The points belonging to the constellation are represented by circles, coloured in grey if they are located in the ellipsoid and coloured in black otherwise. Grey crosses indicate the lattice points located in the ellipsoid but not belonging to the constellation. The projection of the received point ρ onto the hyperplane defined by the dimensions 2K and 2K−1 is characterised by its real coordinates ρ2K and ρ2K−1.

The symbols transmitted to or by user K are supposed 16-QAM. The projection of the constellation onto the dimension 2K or 2K−1 corresponds therefore to the interval [0,3].

A search tree using conventional sphere decoding has been represented in FIG. 4A where each level of the tree corresponds to a dimension of the lattice, the lowest level being associated with the dimension of highest order (2K). Although the first two levels (corresponding to the dimensions 2K and 2K−1 of FIG. 4) are represented, it should be understood that the search tree comprises 2K levels. The horizontal extension of each node of the tree indicates the interval [Li , Li +], the sub-interval [Bi , Bi +] of which is represented by white boxes while the rest is represented by grey boxes.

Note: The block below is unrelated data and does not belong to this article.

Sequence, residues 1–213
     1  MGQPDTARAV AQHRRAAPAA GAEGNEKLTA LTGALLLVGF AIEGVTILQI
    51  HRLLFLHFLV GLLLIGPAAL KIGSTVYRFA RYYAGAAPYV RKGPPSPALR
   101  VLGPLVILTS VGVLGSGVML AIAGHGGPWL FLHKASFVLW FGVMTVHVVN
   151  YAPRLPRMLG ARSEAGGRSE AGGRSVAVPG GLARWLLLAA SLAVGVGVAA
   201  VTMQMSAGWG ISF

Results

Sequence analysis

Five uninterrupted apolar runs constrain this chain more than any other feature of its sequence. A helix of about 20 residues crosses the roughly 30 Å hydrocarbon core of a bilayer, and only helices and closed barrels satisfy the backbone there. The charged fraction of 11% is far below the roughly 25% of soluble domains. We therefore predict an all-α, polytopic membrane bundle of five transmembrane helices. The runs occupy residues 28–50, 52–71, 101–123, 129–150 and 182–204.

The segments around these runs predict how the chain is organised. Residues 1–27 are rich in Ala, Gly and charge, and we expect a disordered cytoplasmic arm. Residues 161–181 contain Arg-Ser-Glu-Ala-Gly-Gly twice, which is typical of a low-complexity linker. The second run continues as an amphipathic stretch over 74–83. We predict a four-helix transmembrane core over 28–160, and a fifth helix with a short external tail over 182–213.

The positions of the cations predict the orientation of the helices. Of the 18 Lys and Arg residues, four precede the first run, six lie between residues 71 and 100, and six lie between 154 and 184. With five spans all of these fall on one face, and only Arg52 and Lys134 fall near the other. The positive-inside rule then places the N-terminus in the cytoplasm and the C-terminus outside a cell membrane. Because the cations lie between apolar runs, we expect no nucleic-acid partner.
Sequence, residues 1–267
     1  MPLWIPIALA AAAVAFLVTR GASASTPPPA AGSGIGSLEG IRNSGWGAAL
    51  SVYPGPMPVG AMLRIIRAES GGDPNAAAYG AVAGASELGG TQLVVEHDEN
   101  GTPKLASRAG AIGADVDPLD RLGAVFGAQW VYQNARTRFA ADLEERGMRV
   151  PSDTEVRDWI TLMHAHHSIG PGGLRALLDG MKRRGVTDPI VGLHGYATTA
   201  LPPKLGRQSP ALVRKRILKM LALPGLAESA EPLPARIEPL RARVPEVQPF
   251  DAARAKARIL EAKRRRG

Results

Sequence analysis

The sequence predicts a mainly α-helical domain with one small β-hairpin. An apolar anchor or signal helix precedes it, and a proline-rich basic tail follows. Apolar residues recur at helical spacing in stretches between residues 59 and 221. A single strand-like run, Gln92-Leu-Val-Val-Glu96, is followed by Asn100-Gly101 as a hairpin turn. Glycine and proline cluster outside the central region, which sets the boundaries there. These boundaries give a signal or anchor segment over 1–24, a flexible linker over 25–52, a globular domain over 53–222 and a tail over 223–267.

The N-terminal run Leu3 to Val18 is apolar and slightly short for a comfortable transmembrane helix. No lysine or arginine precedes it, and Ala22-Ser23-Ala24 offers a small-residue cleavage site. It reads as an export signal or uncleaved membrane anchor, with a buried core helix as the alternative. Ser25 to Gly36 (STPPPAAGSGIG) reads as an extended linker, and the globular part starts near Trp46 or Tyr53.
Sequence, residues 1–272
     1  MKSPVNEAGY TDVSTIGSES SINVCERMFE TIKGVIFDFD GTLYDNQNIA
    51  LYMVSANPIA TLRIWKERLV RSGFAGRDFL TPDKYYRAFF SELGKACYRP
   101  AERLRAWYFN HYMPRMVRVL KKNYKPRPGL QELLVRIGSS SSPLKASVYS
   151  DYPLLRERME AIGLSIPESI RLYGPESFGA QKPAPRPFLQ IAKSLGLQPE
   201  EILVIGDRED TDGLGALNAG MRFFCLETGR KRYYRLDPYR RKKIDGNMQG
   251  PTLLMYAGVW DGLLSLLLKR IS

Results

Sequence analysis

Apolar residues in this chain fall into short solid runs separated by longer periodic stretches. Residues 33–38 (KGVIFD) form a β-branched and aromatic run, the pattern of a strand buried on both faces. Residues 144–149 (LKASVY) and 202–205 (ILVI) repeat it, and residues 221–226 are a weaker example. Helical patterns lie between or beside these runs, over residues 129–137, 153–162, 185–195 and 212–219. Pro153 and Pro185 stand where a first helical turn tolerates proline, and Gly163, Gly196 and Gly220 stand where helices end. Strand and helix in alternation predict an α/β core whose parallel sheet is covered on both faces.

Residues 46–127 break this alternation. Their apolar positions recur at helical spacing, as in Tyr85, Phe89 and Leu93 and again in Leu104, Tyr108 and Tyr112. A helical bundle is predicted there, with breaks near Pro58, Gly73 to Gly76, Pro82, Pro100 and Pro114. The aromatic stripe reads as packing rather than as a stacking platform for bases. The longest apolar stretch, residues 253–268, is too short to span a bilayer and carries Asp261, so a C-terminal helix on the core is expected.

The search starts with the determination of [B2K ,B2K +]. From FIG. 4, it appears that [L2K ,L2K +]=[0,3] and [M2K , M2K +]=[0,3], hence [B2K ,B2K +]=[0,3] which means that b2K can take four possible values:

If b2K=0, [B2K−1 ,B2K−1 +]=[L2K−1 ,L2K−1 +]∩[M2K−1 ,M2K−1 +]={5}∩[0,3]=Ø, hence no candidate value of b2K−1 is to be considered and the node is therefore a dead leaf.

If b2K=1, [B2K−1 ,B2K−1 +]=[L2K−1 ,L2K−1 +]∩[M2K−1 ,M2K−1 +]=[4,5]∩[0,3]=Ø, hence this node is also a dead leaf.

If b2K=2, [B2K−1 ,B2K−1 +]=[L2K−1 ,L2K−1 +]∩[M2K−1 ,M2K−1 +]=[3,5]∩[0,3]={3}, hence b2K−1=3 is the single candidate value to be considered. Only one branch starts from this node to the subsequent level 2K−2.

If b2K=3, [B2K−1 ,B2K−1 +]=[L2K−1 ,L2K−1 +]∩[M2K−1 ,M2K−1 +]=[3,4]∩[0,3]={3}, hence b2K−1=3 is again the single candidate value to be considered. Only one branch starts from this node to the level 2K−2.